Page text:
Just who will serve as the check and balance on the Chicago Police Department? “Chicago Tonight” has learned of new details about plans to do away with the embattled Independent Police Review Authority and replace it with a new agency tentatively called COPA – we’re told that stands for Civilian Office of Police Accountability.
In many ways, it will be like IPRA: there will be one person in charge with a team of investigators working for them. We’re told that the new office wouldn’t take effect at least until the first of next year – and current IPRA chief Sharon Fairley would be given the opportunity to continue on in the interim.
According to several sources who have been briefed on the plan, the new agency differs from IPRA in the following ways:
• Broader investigative powers and the ability to get documents
• Ability to investigate issues beyond use of force, such as complaints of illegal searches and seizures, and complaints of police using illegal coercion tactics, verbal abuse or other measures to get a confession or get information.
• Former CPD officers and state’s attorney employees will be banned from working for the new agency.
In addition, there will be a new public safety inspector general to report to city Inspector General Joseph Ferguson. Ferguson will, with the help of a national agency, select a candidate to head up this job, which will then have to be confirmed by City Council. They will have the power to initiate investigations into the police department into use of force and other cases. All of this is expected to be introduced to aldermen Tuesday.
But the law doesn’t address some of the things that community leaders have long been calling for. At multiple hearings on the subject, participants have expressed the desire for a board of community representatives to oversee police.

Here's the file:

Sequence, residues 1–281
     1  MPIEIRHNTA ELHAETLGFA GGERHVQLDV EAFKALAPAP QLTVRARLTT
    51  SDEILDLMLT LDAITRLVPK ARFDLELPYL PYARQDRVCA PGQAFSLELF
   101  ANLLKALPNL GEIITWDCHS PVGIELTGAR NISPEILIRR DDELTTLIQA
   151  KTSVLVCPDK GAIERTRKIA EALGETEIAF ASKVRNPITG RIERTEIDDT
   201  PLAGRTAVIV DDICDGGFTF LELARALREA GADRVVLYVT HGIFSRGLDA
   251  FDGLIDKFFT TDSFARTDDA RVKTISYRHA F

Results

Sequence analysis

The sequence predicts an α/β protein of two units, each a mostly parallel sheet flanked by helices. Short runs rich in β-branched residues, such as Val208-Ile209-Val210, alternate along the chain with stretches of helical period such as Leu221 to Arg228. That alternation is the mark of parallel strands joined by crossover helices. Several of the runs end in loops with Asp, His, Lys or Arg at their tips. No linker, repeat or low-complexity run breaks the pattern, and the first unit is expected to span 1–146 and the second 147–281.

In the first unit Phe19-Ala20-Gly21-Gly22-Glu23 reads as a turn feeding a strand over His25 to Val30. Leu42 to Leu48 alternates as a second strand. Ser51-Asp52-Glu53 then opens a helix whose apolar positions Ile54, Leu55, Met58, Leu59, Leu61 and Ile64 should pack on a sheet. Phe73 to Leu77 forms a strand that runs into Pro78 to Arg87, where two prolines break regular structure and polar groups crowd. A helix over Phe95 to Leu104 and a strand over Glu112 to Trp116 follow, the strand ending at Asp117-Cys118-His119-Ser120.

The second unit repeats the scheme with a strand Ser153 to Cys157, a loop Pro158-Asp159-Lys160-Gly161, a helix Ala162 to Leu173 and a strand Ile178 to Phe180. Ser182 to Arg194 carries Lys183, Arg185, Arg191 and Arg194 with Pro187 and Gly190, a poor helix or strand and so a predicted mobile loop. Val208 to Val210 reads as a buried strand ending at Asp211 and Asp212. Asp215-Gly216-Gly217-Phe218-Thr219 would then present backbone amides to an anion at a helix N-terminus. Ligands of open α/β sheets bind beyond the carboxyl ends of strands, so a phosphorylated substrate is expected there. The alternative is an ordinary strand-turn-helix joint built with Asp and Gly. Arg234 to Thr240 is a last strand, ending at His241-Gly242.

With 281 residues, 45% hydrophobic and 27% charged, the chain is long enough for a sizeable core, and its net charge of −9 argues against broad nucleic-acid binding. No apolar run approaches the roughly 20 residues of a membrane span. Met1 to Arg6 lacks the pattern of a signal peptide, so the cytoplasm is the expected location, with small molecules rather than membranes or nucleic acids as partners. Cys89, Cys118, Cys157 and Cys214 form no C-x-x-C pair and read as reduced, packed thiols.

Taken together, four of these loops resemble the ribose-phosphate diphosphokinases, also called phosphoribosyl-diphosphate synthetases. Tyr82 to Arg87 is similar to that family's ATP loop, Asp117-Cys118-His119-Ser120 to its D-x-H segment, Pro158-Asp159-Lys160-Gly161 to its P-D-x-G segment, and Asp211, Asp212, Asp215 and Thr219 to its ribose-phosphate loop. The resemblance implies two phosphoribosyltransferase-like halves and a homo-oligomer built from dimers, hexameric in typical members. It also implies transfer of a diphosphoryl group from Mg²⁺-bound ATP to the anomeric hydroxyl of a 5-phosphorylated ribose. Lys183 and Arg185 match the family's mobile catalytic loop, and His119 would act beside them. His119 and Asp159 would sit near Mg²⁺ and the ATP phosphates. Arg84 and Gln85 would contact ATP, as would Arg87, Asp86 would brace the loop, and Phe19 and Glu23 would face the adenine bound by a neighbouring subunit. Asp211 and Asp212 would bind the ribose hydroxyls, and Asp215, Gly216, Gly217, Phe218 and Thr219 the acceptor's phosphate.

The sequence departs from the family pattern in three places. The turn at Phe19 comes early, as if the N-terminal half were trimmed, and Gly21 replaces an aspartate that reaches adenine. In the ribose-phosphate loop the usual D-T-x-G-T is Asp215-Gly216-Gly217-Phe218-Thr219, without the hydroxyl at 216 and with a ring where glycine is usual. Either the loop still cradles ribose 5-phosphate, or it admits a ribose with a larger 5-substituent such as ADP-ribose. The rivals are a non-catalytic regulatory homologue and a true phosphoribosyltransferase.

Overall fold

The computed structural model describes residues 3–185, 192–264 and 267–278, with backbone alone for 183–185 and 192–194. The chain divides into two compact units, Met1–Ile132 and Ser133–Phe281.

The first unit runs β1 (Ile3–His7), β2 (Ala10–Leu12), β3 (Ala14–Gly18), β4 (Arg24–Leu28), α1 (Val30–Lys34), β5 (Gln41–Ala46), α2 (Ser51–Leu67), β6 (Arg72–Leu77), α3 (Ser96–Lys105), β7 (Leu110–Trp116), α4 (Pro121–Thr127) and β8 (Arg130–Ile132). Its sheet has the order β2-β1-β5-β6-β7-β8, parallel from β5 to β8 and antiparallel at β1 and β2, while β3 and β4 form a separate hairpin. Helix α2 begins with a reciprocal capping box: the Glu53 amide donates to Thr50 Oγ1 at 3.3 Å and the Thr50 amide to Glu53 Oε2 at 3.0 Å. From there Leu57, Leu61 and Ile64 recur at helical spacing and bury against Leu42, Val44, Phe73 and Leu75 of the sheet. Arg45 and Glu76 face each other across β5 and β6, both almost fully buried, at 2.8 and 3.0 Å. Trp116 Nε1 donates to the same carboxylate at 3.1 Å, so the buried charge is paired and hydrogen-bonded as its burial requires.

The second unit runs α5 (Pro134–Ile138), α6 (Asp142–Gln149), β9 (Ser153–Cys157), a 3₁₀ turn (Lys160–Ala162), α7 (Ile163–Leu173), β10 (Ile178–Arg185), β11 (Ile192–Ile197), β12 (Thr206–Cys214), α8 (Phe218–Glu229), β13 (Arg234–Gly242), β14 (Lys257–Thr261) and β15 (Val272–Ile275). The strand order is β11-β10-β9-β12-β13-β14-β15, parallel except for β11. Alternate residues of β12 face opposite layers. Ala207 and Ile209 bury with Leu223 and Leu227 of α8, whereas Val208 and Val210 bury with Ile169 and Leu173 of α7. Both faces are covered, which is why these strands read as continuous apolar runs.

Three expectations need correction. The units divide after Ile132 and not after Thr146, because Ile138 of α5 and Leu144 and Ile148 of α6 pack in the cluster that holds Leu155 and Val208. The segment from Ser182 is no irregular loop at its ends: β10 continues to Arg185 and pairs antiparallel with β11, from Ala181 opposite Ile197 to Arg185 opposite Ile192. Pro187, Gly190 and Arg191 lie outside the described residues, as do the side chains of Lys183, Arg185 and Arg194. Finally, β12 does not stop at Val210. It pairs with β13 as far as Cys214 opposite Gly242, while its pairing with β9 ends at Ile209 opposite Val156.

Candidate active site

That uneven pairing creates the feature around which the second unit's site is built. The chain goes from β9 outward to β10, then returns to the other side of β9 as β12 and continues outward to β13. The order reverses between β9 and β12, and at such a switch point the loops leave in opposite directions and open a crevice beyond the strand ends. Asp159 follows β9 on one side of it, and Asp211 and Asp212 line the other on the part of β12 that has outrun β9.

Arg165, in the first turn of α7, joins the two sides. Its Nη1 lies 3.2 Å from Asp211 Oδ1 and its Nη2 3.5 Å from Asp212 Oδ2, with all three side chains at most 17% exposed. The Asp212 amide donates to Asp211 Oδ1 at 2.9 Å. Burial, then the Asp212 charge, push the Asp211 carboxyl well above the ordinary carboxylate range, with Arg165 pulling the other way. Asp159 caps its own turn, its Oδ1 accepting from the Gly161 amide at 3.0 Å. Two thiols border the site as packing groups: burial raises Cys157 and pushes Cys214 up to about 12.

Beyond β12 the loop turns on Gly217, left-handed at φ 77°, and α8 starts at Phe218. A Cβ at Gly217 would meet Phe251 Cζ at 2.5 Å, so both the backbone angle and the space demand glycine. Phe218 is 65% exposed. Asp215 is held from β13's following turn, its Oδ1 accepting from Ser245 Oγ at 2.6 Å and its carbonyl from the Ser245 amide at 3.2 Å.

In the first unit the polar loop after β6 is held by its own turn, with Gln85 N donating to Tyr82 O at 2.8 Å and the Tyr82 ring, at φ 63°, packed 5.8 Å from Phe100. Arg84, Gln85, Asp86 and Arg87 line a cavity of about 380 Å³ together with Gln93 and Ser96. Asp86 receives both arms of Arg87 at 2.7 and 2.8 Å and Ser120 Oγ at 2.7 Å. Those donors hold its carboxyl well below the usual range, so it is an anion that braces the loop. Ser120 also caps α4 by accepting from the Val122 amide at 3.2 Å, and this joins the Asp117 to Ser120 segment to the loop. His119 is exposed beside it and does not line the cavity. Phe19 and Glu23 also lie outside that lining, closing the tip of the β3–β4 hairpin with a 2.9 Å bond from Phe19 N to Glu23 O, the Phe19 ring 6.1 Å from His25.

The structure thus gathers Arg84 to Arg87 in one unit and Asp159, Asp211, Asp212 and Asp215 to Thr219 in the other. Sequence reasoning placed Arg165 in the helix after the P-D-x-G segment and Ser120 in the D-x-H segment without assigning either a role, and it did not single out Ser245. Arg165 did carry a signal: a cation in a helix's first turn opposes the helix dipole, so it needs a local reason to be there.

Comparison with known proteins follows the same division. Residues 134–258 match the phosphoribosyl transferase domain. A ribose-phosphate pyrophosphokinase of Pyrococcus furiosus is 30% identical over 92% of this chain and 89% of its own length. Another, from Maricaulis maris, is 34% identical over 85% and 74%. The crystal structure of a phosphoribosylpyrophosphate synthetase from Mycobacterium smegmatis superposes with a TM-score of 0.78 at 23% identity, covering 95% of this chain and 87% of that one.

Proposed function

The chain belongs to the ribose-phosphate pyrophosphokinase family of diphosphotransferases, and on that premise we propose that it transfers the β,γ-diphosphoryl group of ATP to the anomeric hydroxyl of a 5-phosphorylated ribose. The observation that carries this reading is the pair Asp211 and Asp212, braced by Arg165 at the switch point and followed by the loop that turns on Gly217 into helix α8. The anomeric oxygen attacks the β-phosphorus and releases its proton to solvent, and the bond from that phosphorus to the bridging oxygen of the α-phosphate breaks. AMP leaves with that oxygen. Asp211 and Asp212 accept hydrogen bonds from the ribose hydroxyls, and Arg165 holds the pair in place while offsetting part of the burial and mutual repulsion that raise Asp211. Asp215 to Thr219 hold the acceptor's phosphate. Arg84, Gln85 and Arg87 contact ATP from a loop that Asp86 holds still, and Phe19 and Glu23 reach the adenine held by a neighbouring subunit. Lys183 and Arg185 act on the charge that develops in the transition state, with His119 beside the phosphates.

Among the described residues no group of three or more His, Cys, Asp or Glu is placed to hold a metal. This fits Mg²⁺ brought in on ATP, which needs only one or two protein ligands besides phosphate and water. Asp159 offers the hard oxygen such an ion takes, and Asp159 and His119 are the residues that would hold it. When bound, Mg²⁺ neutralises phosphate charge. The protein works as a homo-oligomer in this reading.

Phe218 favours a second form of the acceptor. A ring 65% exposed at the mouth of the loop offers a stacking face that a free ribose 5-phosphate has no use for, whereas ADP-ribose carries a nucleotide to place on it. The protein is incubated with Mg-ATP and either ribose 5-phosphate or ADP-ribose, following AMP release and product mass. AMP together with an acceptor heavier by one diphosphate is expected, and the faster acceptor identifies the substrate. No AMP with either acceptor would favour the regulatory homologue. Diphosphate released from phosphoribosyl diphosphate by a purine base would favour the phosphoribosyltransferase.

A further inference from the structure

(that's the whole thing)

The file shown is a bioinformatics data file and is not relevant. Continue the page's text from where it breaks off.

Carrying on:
The long-term plan, according to the mayor’s office and aldermen, is to eventually create yet another agency – a civilian oversight board – where community leaders will serve as yet another check and balance. This is not part of the proposal being introduced Tuesday, but a long-range plan to be debated and worked on over the next several months.
There are other factors that could affect all of this – namely, negotiating a new Fraternal Order of Police contract that perhaps makes it easier to fire or discipline officers, and the ongoing U.S. Department of Justice investigation – the city will have to abide by whatever the DOJ comes up with.
Tougher sentences for gun violence
There was also movement Monday on long-awaited action at the state level to help with the city’s gun violence problem. This comes in the wake of the shooting death of Nykea Aldridge on Friday afternoon and the subsequent arrest of two suspects, one of whom was released from prison recently on a felony gun possession charge. He served only a fraction of the time he was sentenced to.
This is an issue Mayor Rahm Emanuel and police superintendents have harped on for a while: Why do gun offenders continue to serve a fraction of their sentences and wind up back on the streets so quickly?
The bill’s sponsor, state Sen. Kwame Raoul, says the point is to only target repeat gun offenders.
“The way that I’m proposing doing it is using the existing ranges and being targed to the repeat offenders that flout the law, so we have to be careful that it is data-driven and it does not embrace the policies that have led to over-incarceration,” Raoul said.
Raoul says he expects to have specific language for the bill in the coming weeks and a vote on it when legislators return for the fall veto session in November. Similar efforts to do this in the past have been defeated largely by African-American members of the state House, who are opposed to longer jail sentences.
Rauol and Emanuel say they hope recently passed state laws to lower prison sentences for low level drug offenders could help more people support these tougher sentences.
Follow Paris Schutz on Twitter: @paschutz
Aug. 8: Newly released videos capturing the events leading up to the fatal police shooting of 18-year-old Paul O’Neal sparked protests over the weekend.
Aug. 4: Investigators at the Independent Police Review Authority and the union that represents them are pushing back against the mayor's call to scrap and replace the agency.
May 16: Many stakeholders on Monday are saying “the devil’s in the details” before they hail the latest decision by the mayor as a game changer.